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New short-term rental rules force strategy rethink


Investors in residential property may have to rethink their revenue strategies, following the commencement of new short-term rental accommodation rules in New South Wales last month.

The tightening of the rules in NSW follows a similar move in Victoria last year. Western Australia has plans in development.

The new rules, which cover rentals for three months or less, makes a key distinction between “hosted” and “non-hosted” rentals. In a hosted rental, the owner or host resides in the dwelling while it is used for rental.

  • Under the new law, Fair Trading Amendment (Short-term Rental Accommodation) Act 2018, no local council permission will be required if it is a hosted rental.

    There can be no more than two people per bedroom and no more than 12 in total.

    Restrictions apply if it is “non-hosted” short-term rental accommodation. If the dwelling is located in the Greater Sydney Region there is a limit of 180 days in a calendar year.

    Elsewhere in regional NSW there is no day limit unless a council sets a limit (which can be no lower than 90 days).

    If the dwelling is in a strata scheme anywhere in NSW and is an apartment, townhouse or villa unit, the right to rent short term is limited to 180 days. If the dwelling is not the host’s principal place of residence, the right to rent can be removed completely by a strata by-law.

    In a note to clients, Corrs Chambers Westgarth partner Natalie Bryant says: “A bylaw of this kind  would effectively restrict short-term rental accommodation to circumstances where the resident of a strata lot allows the property to be rented out while on holidays or if a spare room is rented while the host is present.. All other kinds of arrangements may now be restricted if the owners’ corporation makes a special resolution, requiring at least 75 per cent of votes in favour.”

    If the dwelling is situated on bushfire prone land or is on a flood control lot, it cannot be used for short-term rental without development consent.

    In Victoria, The Owners Corporations Amendment (Short-stay Accommodation) Act gives owners corporations more discretion to self-regulate short-stay accommodation in their buildings.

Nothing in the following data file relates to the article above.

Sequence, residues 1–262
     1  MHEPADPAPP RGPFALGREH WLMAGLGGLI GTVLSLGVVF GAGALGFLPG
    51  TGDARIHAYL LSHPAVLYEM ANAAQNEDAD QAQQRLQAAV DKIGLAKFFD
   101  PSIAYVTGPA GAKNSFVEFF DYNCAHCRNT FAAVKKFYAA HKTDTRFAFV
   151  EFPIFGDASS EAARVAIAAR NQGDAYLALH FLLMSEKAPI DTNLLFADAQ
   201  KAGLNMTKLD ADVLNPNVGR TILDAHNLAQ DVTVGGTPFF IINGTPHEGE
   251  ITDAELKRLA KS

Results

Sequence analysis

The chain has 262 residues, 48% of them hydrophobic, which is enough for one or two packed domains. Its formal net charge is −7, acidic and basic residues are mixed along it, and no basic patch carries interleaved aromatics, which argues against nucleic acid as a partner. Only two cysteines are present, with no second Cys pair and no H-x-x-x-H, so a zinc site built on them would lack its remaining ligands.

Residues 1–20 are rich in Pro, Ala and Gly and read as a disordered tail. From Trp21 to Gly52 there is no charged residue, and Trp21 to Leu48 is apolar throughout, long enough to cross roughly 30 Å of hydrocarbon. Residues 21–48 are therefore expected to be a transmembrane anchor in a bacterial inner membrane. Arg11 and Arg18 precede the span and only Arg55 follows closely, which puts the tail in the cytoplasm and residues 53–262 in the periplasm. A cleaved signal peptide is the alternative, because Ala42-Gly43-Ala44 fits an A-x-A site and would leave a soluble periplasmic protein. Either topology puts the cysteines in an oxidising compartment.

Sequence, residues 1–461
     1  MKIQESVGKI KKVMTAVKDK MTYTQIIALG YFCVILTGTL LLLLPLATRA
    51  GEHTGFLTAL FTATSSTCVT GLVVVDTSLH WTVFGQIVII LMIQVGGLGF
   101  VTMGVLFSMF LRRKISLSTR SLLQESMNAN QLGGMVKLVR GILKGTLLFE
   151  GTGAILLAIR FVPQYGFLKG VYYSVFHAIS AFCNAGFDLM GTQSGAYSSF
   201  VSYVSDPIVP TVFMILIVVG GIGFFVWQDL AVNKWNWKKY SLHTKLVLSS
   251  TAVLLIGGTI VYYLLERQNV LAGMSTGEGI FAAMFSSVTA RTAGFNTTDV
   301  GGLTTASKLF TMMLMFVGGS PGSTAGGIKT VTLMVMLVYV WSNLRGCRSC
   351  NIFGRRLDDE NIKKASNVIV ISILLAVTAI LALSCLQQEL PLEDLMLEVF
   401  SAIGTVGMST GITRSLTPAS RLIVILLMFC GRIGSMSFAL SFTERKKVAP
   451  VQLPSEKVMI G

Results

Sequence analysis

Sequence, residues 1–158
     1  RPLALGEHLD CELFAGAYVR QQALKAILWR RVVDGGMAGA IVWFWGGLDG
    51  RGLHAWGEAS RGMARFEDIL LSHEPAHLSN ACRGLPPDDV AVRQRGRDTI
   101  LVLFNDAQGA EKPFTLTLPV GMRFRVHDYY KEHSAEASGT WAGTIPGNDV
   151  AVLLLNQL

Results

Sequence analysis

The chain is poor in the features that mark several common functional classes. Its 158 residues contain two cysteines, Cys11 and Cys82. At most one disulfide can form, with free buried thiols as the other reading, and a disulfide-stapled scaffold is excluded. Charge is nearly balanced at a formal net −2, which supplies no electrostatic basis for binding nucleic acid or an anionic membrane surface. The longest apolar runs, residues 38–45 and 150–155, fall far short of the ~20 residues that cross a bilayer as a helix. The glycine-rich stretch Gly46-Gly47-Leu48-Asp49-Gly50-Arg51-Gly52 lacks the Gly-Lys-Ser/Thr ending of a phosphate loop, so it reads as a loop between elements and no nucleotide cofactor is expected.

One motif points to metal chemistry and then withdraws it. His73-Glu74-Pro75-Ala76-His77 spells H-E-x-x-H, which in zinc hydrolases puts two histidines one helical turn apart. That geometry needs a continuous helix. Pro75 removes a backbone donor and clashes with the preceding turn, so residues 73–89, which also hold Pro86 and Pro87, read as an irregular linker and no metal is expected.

Under the law, members of an owners’ corporation, tenants and property managers can lodge a complaint against a short-stay accommodation provider who enters into a short-stay accommodation with an occupant who creates excessive noise or behaves in a manner that will likely interfere with the peaceful enjoyment of other occupiers.

    Complaints can also be made where the occupant causes health, safety or security hazards, damages common property or obstructs another resident from using their property.

    When a complaint is made, an owners’ corporation must decide whether to take action in relation to the complaint. Where it takes no action it must provide a notice to the person who has made the complaint giving reasons why no action was taken.

    If action is taken the owners’ corporation must notify the accommodation providers, requiring it to rectify the breach.

    If a breach is not rectified the owners’ corporation can apply to the Victorian Civil and Administrative Tribunal to resolve the dispute. VCAT has the power to issue fines up to $1100 to both the accommodation provider and the occupant, and order that other owners be compensated up to $2000 for loss of amenity.

    VCAT will have the power to prohibit the use of the accommodation for short-stay arrangements if three separate complaints are made within a 24-month period.

    Owners corporations must report at their annual general meetings on the number and type of complaints received, what action was taken and the outcome of any action taken.

    The Western Australian government is considering options, following receipt of a parliamentary review of the sector earlier this year. Recommendations in the report were along the lines of the system put in place in NSW.

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